Thrive by IU Health

March 19, 2024

From small town to big city, social worker knows importance of community

From small town to big city, social worker knows importance of community

When Tricia Behringer moved from a community of about 3,000 people to a city of more 800,000, she turned to her small-town roots to navigate her career in social work.

By TJ Banes, IU Health Senior Journalist,

Growing up in Corydon, Ind. Tricia Behringer said she learned something early on: “Everyone takes care of one another and makes sure no one is alone.”

That lesson serves her well in her role as Social Worker for IU Health’s Community Care Network. The initiative launched in 2020 to partner Indiana congregations with patients experiencing social isolation and loneliness. The idea was to train congregational members to offer companionship to patients discharged and at home.

Since its beginnings, the program has partnered with more than 30 diverse congregations and touched the lives of more than 500 patients. Sometimes, those contacts are a phone call away from connecting someone living alone from feeling alone.

Behringer started her career in social work at IU Health in the late 90s. She worked as a renal social worker and spent a large part of her career with the National Kidney Foundation of Indiana developing and managing programs for patients with kidney disease.

“As with all social workers, I have seen far too often the negative impact loneliness can have on someone and just how far a little bit of support can go,” said Behringer.

Early in her career she said she had a patient in his 90s who had lost several loved ones due to illness and tragedy. “He spent three days a week in a dialysis chair surrounded by techs and patients, and countless days in the hospital in his final year. He would light up when I visited with him and would always say how grateful he was every time I stopped to talk with him,” said Behringer.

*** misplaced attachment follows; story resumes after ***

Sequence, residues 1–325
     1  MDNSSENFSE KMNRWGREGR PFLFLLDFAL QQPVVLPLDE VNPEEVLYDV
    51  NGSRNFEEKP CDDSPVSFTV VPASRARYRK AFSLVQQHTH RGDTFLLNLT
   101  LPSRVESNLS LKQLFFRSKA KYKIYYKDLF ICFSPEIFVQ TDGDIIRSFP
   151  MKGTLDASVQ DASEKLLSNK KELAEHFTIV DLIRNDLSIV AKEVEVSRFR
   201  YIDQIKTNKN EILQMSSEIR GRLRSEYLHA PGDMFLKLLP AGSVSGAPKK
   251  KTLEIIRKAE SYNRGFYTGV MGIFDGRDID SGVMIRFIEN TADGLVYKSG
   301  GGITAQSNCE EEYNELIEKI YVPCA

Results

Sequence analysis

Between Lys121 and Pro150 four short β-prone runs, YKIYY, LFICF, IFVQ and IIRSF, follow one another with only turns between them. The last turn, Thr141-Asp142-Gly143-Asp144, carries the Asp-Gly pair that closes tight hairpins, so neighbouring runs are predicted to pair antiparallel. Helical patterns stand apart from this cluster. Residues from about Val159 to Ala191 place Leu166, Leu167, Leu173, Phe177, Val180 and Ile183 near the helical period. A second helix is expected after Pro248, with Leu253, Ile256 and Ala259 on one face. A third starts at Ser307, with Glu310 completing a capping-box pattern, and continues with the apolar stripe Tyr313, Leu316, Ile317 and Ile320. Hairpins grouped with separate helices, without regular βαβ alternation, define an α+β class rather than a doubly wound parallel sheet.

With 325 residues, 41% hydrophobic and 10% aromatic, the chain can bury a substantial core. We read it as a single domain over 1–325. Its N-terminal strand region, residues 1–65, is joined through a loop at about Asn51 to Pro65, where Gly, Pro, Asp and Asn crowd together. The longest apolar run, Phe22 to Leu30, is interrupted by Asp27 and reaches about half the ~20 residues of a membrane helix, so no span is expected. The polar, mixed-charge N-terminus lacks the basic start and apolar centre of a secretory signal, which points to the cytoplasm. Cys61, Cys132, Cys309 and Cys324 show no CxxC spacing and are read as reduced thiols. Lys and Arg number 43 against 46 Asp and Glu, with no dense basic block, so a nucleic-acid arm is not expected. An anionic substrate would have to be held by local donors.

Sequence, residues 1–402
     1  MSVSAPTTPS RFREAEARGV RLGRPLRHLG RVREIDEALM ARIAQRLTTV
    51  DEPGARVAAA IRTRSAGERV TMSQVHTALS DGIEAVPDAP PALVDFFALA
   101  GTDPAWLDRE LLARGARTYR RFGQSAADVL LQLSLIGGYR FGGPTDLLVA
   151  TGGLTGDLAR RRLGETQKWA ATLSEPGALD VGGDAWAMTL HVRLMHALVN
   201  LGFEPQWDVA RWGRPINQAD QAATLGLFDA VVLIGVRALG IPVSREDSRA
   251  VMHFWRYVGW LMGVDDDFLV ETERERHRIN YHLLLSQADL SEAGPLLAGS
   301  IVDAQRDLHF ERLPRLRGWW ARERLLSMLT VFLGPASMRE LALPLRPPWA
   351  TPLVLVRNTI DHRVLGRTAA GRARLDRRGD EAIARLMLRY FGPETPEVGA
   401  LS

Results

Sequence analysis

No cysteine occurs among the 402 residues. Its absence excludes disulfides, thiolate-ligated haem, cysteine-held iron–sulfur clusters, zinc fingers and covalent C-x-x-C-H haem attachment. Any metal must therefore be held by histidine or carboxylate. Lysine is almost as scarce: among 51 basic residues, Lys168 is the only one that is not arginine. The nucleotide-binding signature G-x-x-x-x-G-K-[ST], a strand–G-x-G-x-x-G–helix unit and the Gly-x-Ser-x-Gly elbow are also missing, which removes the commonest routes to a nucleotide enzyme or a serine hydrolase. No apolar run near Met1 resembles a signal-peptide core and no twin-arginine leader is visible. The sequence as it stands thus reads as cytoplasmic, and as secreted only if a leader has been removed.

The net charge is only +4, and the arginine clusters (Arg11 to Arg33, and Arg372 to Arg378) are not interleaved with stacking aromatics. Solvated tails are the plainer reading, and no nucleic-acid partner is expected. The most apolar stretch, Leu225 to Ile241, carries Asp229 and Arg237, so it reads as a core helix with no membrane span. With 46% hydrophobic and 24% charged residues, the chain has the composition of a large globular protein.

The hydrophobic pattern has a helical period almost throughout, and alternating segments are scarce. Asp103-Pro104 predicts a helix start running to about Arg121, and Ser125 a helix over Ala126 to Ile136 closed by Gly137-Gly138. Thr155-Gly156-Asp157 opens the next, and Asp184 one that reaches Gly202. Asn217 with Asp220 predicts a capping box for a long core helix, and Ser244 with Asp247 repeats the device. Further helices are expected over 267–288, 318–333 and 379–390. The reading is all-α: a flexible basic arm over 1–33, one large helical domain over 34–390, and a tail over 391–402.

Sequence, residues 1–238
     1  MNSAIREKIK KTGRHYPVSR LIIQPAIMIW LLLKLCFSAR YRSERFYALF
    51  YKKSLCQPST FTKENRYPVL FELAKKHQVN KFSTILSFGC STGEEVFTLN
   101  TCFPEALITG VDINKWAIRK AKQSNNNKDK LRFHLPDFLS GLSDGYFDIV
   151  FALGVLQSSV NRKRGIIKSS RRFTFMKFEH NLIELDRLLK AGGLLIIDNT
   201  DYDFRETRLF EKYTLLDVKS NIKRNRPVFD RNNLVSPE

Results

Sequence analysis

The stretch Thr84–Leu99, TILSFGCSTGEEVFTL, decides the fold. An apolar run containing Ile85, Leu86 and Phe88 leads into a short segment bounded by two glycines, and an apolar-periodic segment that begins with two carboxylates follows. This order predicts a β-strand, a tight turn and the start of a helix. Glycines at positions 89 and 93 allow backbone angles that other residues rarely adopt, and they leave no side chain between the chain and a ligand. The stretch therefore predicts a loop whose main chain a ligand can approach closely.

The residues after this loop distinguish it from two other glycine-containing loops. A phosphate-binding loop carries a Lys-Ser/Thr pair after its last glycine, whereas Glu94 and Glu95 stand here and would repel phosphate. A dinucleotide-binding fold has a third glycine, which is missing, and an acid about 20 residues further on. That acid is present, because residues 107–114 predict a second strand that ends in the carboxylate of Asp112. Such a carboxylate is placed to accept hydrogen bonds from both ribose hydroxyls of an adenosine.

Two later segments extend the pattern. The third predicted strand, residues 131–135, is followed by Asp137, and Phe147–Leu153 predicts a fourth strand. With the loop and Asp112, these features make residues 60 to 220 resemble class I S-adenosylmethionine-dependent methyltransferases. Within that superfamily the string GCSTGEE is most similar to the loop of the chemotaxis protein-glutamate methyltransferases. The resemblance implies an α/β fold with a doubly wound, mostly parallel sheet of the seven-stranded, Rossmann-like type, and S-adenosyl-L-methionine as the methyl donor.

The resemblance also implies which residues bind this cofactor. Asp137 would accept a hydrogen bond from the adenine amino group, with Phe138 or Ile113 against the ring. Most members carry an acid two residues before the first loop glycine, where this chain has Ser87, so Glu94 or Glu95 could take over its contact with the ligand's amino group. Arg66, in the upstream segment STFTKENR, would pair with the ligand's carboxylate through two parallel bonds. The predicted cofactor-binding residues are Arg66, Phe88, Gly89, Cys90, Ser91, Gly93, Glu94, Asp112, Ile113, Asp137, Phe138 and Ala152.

After he passed, she attended his calling and said she quickly learned that she was the only person to visit. “I was overwhelmed by emotion. I was angry because he deserved so much more. He had a life of memories but no one to share them with, lessons to pass on, and so much love left to give. He was a beautiful soul that never asked for anything and never complained. All he really wanted was just a few minutes of someone’s time to feel as if he mattered and yet, so few took that opportunity.”

The experience affirmed Behringer’s career path in social work.

“I was called to do this work, to bring community and support to others where they need it most, and to make sure our patients, especially those that have no one, know that they do in fact matter to at least one person,” said Behringer.

March is Social Work Month, a time to recognize those practitioners serving as part of a patient’s care team.

For Behringer, joining the Community Care Network has provided an opportunity to serve on a broader scale. “By connecting and offering a few minutes of their time, our volunteers are showing our patients that someone truly cares about them,” said Behringer. Sometimes that care is listening; sometimes it is a bridge to such issues as financial concerns, transportation issues, grief counseling, or food insecurities.

As the CCN Social Worker, Behringer collaborates with many interdisciplinary teams and oversees the patient placement process. This includes recognizing their unique needs, connecting them with the most appropriate congregation equipped to address those needs, and tracking their progress throughout their engagement with CCN.

“One of the important things my small community instilled in me is a strong feeling of connection and support that I never knew I needed,” said Behringer. “The other was a strong desire to help others experience the wonderful blessings that connection can offer, especially for those have no one.”


Social Work